The terminus of the Shannon Bridge cycle lane
LIMERICK Council has confirmed the cycle lane at Shannon Bridge, which was installed as part of the Covid-19 mobility plan is to be retained.
The news, revealed this Monday teatime, will come as a boost for Limerick’s cycling community, and comes following the delivery of a petition containing more than 1,100 signatures in support of its retention.
However, on the other side of the argument, there are fears the move will lead to traffic chaos once schools go back next week.
In a further boost for business, another key measure introduced as part of the Covid-19 mobility plan, free parking in the city centre on weekends, is also to be kept, while the short-stay units for 'click and collect' will also be maintained until the end of this year.
Parklets will be kept on through winter, while the 25 kilometre per hour speed limit will also remain in place.
But, Limerick Council has confirmed that the pedestrianisation of one-block of Catherine Street at weekends will be discontinued from the end of this month.
The local authority said only a "small number of commercial premises" benefitted from the temporary meaasure.
The axe will also fall on other temporary pedestrianisation measures, including those at Howley's Quay, Nicholas Street and Denmark Street.
The traffic restriction measures on South Circular Road, O’Callaghan Strand and the City Quays will also cease as scheduled on August 31.
In an email to councillors, seen by the Limerick Leader, Dara McGuigan, the senior executive officer at Limerick City and County Council, confirmed: “The cycle-lane on Shannon Bridge, which was installed during the summer months as part of the Guiding Limerick Through Covid-19 plan is to be retained. The re-purposing of one of the in-bound lanes on Shannon Bridge as a two-way cycle-lane was based on the need to provide safe cycling access to the city centre from the northside of the city.”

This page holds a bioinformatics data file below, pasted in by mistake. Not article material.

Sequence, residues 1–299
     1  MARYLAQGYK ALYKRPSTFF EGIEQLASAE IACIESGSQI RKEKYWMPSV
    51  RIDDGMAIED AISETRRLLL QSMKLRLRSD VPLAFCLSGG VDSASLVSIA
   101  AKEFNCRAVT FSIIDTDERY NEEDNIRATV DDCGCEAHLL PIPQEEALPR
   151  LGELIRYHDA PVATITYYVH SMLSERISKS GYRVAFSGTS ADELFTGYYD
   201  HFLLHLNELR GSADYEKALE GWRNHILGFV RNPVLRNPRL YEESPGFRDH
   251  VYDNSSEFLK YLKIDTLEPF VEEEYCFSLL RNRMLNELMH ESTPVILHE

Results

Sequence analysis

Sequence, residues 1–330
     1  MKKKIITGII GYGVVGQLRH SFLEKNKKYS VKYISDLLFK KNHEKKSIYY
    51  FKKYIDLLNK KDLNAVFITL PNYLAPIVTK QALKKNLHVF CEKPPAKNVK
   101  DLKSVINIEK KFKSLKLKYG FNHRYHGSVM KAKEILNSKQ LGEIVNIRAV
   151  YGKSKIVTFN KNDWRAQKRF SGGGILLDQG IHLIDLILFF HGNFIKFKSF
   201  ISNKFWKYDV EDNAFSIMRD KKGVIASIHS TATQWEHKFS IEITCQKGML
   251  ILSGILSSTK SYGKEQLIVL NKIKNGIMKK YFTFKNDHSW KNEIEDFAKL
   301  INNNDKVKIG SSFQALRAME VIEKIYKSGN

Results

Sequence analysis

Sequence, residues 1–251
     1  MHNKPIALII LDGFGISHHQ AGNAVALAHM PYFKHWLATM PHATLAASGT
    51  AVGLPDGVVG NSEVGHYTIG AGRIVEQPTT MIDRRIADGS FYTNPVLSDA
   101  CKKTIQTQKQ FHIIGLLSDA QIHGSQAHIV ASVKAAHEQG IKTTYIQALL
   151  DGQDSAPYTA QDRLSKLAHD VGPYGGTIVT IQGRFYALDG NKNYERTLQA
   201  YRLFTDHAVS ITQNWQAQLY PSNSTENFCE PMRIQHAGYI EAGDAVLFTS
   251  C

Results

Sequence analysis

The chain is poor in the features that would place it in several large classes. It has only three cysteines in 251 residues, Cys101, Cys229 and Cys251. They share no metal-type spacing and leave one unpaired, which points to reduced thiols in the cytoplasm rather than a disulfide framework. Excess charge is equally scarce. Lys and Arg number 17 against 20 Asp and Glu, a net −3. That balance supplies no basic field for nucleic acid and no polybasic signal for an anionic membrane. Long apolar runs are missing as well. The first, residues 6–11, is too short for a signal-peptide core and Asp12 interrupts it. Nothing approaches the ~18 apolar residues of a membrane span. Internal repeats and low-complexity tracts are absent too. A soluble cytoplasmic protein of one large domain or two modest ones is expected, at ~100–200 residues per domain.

He added the provision of more cycle lanes will be identified in the proposed new transport strategy.
“Shannon Bridge had been selected for the trial as it had the space to implement the changes whereas the other city bridges did not,” he said, “The cycle lanes have worked well during the trial period with user numbers exceeding those prior to the measures being put in place. As school traffic will increase in the coming days we are working proactively with schools in the area and our traffic management department on this issue.”
Fine Gael metropolitan council leader Daniel Butler has welcomed the announcement, but acknowledged there are strong feelings on both sides of the fence.
"There will be some people happy, some people disappointed. But I think overall, what people need to view the plan is as an opportunity for learning. We've trialled some measures, some have worked, others didn't work. The executive has acted accordingly in retaining what they feel have worked and removing those less effective. It was challenging, a good opportunity to loan, and we shouldn't be afraid to try new things out in the future," he said.
Mobility Plan Announcement— Cllr Daniel Butler (@DanielButlerFG) August 24, 2020
Shannon Bridge cycle lane is to be retained.
As are 25kph speed limits
Free weekend parking & click & collect spots & outdoor furniture licensing to be retained
Parklets to be retained & further ones added
All other measures to be removed
Some really positive news today from @LimerickCouncil, Shannon Bridge cycle lane staying, so are the parklets, supports to businesses are continuing.— Cllr Saša Novak (@sasanovak48) August 24, 2020
Unfortunately some traffic calming measures are being reversed, but having gotten the taste for them and LSMATS on the way♂️♀️ https://t.co/NgIEG7glkj